Re: ran(EF) contains ~EF(n)
Posted:
May 1, 2013 12:55 AM


On Apr 30, 9:22 pm, William Elliot <ma...@panix.com> wrote: > On Tue, 30 Apr 2013, Ross A. Finlayson wrote: > > On Apr 30, 8:34 pm, William Elliot <ma...@panix.com> wrote: > > "EF_d(n) is n/d for 0 <= n/d <= 1 for natural integers n, d, as d goes > > to infinity." > > EF, or f for short, isn't a function, it's a group of functions f_d > with the property, f_d(n) = n/d provided n <= d. Thus to make some > sense of you hand waving: > > For d in N, f_d is a function from { 1,2,.. d } into [0,1] > that maps n to n/d. > > How are you defining f = lim(d>oo) f_d. Pointwise? > Then f(n) = lim(d>oo) n/d = 0, except that f_d isn't defined > for all n in N. > > So you'e defining f_d to be over N mapping n to min{ n/d, 1 }. > Thus f(n) = lim(doo) min{ n/d, 1} = 0 for all n in N.
lim_d>oo lim_n>d n/d = 1 (f is increasing) m > n > f(m) > f(n), for all d (f is monotone increasing) lim_d>oo f(n+1)f(n) = lim_d>oo f(m+1)  f(m) (f is constant monotone increasing)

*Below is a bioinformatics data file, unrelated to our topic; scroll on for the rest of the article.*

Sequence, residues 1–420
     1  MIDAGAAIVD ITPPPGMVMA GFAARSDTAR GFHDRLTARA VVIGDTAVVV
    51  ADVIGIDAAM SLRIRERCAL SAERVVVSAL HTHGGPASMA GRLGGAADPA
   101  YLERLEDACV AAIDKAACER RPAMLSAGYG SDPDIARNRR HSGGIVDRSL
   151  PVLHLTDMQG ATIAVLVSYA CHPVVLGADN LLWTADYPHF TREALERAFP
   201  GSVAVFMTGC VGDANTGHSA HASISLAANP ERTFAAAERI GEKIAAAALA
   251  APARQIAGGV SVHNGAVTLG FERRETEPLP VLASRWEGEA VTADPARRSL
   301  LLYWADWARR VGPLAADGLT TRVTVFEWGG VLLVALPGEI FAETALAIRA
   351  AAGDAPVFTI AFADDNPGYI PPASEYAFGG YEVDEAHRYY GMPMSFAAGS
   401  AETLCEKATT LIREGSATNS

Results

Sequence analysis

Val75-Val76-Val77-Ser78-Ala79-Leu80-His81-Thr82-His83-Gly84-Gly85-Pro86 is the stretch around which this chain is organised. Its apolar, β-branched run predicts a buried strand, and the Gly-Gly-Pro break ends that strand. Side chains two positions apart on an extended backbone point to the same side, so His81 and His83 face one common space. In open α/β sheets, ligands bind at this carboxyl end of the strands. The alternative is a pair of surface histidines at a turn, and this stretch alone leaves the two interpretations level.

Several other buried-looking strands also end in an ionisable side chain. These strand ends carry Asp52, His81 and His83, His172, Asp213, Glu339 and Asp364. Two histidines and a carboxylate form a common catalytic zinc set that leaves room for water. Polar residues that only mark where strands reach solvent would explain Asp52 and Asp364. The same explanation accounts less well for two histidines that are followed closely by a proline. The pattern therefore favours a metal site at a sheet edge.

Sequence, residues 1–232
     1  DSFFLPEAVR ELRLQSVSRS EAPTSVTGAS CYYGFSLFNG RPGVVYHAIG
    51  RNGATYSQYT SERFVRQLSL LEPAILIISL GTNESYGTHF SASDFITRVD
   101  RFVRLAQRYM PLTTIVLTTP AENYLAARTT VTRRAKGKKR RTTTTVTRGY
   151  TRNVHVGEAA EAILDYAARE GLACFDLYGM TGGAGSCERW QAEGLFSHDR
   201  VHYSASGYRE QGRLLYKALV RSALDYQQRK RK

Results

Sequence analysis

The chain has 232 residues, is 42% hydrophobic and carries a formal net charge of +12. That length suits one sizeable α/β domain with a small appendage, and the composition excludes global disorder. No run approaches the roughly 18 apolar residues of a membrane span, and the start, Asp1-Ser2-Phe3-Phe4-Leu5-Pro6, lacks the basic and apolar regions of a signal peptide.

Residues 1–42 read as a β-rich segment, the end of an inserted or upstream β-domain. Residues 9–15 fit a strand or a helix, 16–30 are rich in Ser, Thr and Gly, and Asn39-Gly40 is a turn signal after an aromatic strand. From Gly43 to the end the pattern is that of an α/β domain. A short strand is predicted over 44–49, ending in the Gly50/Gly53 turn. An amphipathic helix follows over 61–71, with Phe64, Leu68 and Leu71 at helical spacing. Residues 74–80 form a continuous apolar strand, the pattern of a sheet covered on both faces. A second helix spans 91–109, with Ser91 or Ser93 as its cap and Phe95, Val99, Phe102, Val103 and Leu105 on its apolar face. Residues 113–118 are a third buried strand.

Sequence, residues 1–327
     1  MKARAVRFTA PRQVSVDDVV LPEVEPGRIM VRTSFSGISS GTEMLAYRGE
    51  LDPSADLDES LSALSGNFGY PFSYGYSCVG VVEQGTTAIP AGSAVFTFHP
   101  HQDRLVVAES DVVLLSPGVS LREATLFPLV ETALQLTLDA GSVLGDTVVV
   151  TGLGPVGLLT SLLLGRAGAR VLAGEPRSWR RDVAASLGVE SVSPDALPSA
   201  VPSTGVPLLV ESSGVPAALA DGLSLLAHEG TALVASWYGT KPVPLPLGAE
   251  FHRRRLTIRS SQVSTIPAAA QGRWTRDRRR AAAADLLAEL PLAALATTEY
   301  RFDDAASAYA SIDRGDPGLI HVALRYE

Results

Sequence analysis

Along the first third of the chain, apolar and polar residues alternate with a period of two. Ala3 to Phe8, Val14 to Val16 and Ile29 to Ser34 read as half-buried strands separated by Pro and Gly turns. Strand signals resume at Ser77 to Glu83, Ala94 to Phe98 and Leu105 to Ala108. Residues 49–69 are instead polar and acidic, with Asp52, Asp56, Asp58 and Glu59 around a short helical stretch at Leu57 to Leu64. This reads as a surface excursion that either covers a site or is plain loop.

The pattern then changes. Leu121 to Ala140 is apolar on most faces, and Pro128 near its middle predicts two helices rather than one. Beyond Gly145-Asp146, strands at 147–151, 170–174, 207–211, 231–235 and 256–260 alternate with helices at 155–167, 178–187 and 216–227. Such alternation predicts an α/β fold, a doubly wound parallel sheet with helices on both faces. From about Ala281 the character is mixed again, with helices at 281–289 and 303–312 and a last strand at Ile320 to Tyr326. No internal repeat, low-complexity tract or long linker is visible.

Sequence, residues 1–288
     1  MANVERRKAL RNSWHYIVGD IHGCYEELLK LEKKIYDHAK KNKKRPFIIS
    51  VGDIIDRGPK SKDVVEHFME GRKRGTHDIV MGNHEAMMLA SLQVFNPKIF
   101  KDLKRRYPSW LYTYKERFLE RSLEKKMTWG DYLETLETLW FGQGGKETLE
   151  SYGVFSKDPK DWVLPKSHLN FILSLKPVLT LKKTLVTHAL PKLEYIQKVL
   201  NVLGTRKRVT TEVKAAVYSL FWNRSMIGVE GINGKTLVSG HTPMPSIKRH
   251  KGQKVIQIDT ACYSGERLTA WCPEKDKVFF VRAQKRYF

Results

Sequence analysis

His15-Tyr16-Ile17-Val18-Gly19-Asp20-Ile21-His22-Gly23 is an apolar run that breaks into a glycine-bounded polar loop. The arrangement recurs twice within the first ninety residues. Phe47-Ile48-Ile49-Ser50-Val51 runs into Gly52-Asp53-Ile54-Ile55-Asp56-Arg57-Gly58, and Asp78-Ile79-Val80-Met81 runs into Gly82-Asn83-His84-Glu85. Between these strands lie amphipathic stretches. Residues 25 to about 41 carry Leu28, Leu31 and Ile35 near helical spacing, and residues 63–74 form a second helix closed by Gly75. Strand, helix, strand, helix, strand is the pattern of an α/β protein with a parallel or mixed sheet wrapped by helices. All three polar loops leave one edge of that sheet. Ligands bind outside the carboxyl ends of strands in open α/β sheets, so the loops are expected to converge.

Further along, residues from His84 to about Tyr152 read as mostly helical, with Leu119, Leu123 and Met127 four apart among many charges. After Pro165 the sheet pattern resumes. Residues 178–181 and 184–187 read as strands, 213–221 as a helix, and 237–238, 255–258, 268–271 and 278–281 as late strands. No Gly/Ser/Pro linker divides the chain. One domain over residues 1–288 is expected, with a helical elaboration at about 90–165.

These are sufficient that ran(f) <= [0,1], then that ran(f) is dense in [0,1].
Then the kicker is that convergent elements of ran(f) have convergent elements of dom(f) (with 1 the special case), where it is so because as r_a_n+1  r_a_n diminishes or is bounded, so is the difference f^1(r_a_n+1)  f^1(r_a_n), that goes to zero, and f^1(r) e N because N is closed to addition, and, f is defined for all n e N.
So: ran(f) = R_[0,1].
Of course, yours is a perfectly sensible argument, which is why the properties of the function, constant monotone increasing for each value of d, in the limit as a function, instead of in the limit for each value, are used to see the forest: for the trees.
Regards,
Ross Finlayson